Large scale R&D survives in some sectors; in aerospace, for example. This may be partly explained by the fact that 63% of the R&D done in the US aerospace industry (in 2010) was directly funded by the US federal government. Pharmaceuticals remain an important sector for R&D, but, as I’ve written before, the exponential rise in cost of developing successful drugs is putting the sector under huge pressure. Pharma is particularly important for the UK – it is still the biggest sector for business R&D, despite a 18% decline in the last two years. Despite widespread agreement that more research in energy is needed to find more cost-effective, low carbon energy supplies, the worldwide collapse in energy R&D continues. The closest thing to an old-fashioned big company corporate R&D lab, making risky and long-ranged R&D bets underpinned by monopoly rents, is Google, but this expenditure is coming under scrutiny too.

Supporters of the proposition that radical innovation is carried out in small start-ups will argue that venture capital has taken the place of big companies as the source of funding for innovation. In the last thirty years, venture capital has indeed brought some technically innovative companies into being – the biotechnology company Genentech, for example, or ICT companies like Google. But, while the image of venture capital is supplied by a few, predominantly digital, high-tech successes, the reality is better represented by its big investments in chains of office supply warehouses and pet supermarkets. Over the long run, average returns on technically innovative projects have been poor, and fashionable sectors such as biotech have disappointed their investors. Periods in which venture capital has both delivered substantial returns and funded significant innovation are the exceptions rather than the rule – they include the period of the initial PC boom in the early 1980’s, and the dot-com boom in the late 1990’s. This is entirely consistent with the view of venture capital pioneer Bill Janeway, who in his book “Doing capitalism in the innovation economy”, finds the source of technological innovation in a combination of massive state investment (as highlighted by Mariana Mazzucato) and over-exuberant financial bubbles. Another veteran of venture capital, Jerry Neumann, in a history of the last thirty years of venture capital in the USA, concludes that “Saying VCs used to take high technical risk and now take high market risk is both an overly optimistic view of the past–the mythical golden age of heroic VCs championing the development of new technologies–and an overly optimistic view of the present–gutsy VCs funding radical innovations that create entirely new markets. Neither of these things is true. VCs have never funded technical risk and they are not now funding market risk”.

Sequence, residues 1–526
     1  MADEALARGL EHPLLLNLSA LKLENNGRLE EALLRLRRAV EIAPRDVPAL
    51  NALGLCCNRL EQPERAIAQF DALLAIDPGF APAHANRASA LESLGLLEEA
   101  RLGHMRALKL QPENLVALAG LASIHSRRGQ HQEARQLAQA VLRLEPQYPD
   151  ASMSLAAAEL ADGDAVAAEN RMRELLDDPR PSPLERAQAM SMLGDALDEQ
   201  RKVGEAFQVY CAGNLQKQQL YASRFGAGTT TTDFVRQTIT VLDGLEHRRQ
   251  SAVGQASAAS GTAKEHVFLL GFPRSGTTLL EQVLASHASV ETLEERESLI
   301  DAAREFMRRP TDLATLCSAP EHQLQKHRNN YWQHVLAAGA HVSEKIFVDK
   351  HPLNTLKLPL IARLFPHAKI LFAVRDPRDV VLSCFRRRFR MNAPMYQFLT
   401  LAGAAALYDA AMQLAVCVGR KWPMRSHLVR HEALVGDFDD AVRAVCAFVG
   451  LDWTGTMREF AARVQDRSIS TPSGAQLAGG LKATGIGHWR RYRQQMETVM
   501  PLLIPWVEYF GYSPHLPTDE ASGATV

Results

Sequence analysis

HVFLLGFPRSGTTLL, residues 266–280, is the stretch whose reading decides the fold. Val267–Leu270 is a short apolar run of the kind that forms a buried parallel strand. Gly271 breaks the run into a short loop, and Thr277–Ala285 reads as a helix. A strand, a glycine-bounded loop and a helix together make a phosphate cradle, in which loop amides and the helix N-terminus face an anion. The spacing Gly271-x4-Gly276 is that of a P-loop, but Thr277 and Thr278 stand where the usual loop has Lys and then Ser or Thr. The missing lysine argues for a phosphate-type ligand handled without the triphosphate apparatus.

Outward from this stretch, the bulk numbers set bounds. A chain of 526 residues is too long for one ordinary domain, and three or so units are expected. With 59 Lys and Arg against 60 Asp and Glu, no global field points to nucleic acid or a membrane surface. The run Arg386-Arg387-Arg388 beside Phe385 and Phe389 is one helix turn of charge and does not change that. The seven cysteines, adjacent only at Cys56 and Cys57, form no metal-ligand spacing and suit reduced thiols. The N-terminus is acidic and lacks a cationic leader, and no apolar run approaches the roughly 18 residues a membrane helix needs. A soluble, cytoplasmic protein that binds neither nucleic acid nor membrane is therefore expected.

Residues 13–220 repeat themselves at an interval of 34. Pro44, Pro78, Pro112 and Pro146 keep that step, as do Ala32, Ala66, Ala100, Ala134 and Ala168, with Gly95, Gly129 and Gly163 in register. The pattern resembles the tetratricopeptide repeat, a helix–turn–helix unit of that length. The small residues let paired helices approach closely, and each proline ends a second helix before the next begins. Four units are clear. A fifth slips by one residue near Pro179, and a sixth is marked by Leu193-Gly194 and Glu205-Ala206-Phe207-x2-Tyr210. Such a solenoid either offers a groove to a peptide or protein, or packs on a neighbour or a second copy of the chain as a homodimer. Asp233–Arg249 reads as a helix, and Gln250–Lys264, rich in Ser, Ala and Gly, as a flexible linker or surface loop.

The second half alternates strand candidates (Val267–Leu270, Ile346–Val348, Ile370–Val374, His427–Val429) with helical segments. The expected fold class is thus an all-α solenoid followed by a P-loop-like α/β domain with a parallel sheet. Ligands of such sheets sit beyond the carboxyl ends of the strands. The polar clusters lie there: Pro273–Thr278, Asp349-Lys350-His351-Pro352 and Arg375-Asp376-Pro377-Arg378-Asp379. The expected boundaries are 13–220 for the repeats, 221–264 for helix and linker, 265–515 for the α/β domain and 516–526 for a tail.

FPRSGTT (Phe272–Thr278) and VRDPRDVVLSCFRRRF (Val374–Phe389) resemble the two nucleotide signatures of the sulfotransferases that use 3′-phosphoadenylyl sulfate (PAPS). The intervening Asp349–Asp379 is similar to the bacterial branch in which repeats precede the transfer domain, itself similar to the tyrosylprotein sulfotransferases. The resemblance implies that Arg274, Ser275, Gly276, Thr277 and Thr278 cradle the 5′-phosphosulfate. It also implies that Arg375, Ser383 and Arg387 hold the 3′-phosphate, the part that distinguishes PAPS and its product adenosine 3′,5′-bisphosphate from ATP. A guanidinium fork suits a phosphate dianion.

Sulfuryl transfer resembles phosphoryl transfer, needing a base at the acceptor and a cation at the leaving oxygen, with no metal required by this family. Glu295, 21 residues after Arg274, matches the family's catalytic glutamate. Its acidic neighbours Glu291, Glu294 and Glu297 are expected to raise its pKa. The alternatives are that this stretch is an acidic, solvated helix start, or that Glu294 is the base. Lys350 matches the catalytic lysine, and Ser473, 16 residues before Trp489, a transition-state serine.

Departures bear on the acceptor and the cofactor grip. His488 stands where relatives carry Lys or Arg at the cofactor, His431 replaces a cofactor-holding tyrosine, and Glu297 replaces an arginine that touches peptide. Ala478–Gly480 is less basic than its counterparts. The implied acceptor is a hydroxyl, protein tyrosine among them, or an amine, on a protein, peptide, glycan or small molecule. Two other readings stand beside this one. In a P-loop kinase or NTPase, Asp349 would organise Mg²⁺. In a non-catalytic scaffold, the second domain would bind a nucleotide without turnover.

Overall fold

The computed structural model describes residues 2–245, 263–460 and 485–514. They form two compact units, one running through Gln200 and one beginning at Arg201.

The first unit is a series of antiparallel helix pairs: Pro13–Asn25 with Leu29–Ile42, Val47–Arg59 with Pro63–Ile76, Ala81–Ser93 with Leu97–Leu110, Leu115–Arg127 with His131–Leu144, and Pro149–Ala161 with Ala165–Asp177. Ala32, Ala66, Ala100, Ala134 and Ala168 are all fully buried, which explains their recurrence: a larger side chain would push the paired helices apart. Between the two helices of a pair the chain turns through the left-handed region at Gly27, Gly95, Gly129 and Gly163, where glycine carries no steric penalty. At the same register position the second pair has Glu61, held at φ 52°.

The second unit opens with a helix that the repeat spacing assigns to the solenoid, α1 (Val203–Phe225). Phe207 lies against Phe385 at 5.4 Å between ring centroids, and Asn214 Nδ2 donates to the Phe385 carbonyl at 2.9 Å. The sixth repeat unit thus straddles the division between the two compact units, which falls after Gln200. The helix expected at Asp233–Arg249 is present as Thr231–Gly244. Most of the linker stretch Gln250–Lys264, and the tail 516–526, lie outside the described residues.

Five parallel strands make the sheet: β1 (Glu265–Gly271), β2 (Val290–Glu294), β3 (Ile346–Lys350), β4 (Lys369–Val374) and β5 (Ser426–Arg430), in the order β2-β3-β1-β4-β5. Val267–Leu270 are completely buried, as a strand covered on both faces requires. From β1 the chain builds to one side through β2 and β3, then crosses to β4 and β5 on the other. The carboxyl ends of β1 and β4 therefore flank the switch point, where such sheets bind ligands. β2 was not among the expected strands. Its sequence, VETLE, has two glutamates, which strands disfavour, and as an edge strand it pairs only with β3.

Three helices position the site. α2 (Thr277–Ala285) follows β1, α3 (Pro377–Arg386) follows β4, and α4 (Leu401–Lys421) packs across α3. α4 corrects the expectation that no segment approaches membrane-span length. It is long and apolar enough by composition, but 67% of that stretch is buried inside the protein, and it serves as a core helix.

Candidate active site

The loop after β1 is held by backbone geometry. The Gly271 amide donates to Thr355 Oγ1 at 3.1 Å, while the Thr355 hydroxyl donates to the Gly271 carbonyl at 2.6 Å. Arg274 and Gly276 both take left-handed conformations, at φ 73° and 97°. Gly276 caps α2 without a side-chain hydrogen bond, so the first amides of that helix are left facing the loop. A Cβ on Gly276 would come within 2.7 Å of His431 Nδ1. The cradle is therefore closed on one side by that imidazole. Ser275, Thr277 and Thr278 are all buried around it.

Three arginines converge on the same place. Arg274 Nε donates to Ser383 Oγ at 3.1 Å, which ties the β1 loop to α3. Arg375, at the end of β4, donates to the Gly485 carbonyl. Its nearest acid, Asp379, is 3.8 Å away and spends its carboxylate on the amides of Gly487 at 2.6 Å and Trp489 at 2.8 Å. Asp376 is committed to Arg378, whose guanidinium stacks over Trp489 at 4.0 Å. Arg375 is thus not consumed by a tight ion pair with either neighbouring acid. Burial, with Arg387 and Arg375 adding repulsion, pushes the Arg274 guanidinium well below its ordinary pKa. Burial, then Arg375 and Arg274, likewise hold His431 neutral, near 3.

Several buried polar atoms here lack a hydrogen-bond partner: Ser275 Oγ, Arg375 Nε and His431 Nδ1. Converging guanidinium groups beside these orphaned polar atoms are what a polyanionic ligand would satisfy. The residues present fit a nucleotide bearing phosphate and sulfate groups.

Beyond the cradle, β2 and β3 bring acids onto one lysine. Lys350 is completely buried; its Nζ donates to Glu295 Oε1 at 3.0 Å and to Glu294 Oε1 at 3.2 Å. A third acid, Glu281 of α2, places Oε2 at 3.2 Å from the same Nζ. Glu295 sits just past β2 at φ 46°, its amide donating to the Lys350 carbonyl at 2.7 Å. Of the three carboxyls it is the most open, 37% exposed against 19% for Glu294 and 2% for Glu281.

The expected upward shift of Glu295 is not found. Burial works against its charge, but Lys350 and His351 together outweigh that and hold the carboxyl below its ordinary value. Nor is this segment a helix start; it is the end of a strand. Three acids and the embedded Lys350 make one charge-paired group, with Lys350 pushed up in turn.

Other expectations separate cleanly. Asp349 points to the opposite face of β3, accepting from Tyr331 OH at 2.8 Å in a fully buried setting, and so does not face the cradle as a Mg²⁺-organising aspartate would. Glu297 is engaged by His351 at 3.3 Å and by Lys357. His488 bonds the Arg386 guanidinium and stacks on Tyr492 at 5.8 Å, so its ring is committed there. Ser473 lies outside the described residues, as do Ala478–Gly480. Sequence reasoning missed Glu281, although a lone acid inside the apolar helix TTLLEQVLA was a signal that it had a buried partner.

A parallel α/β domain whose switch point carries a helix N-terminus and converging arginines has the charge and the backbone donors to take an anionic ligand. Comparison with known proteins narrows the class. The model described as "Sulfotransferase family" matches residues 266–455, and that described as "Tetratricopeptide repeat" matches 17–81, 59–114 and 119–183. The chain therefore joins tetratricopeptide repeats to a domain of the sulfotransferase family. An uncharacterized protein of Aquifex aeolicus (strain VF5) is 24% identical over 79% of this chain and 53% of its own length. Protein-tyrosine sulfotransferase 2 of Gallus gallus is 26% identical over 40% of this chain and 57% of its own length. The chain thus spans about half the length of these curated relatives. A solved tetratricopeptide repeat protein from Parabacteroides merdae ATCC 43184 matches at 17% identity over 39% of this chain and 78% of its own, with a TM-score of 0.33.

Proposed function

Of course, we are still seeing technological innovation – some of it quite spectacular. But if technological progress really is going faster now than it ever has been, we’d expect to see that translated into higher rates of economic growth. The evidence, though, points the other way. The UK is currently in midst of the biggest peacetime slow-down in productivity growth since the 19th century. And while the UK’s current productivity disaster has its own dynamics, across all the developed economies, well before the 2008 financial crisis, we’ve seen slowing growth in per capita GDP since 1990. Whatever the new focus on small firms rather than big organisations as the driving force for radical technological innovation has given us, it is not sustained economic growth, and if we want to get back to the growth rates we’d come to take for granted, and solve some of our big problems, this is a piece of conventional wisdom we’re going to need to rethink.